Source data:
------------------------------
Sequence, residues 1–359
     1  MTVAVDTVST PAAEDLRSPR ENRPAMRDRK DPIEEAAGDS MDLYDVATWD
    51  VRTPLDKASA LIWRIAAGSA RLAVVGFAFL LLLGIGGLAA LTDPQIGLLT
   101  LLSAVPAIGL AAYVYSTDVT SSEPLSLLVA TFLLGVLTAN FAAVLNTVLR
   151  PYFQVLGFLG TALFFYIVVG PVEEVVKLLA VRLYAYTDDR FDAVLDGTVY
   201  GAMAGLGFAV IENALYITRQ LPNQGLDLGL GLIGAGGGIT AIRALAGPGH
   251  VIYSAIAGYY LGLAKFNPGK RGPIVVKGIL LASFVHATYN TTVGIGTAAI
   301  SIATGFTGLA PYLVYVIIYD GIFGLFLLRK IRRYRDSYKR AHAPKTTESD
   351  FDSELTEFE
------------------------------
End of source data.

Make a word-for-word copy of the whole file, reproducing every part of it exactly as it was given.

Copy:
Sequence, residues 1–359
     1  MTVAVDTVST PAAEDLRSPR ENRPAMRDRK DPIEEAAGDS MDLYDVATWD
    51  VRTPLDKASA LIWRIAAGSA RLAVVGFAFL LLLGIGGLAA LTDPQIGLLT
   101  LLSAVPAIGL AAYVYSTDVT SSEPLSLLVA TFLLGVLTAN FAAVLNTVLR
   151  PYFQVLGFLG TALFFYIVVG PVEEVVKLLA VRLYAYTDDR FDAVLDGTVY
   201  GAMAGLGFAV IENALYITRQ LPNQGLDLGL GLIGAGGGIT AIRALAGPGH
   251  VIYSAIAGYY LGLAKFNPGK RGPIVVKGIL LASFVHATYN TTVGIGTAAI
   301  SIATGFTGLA PYLVYVIIYD GIFGLFLLRK IRRYRDSYKR AHAPKTTESD
   351  FDSELTEFE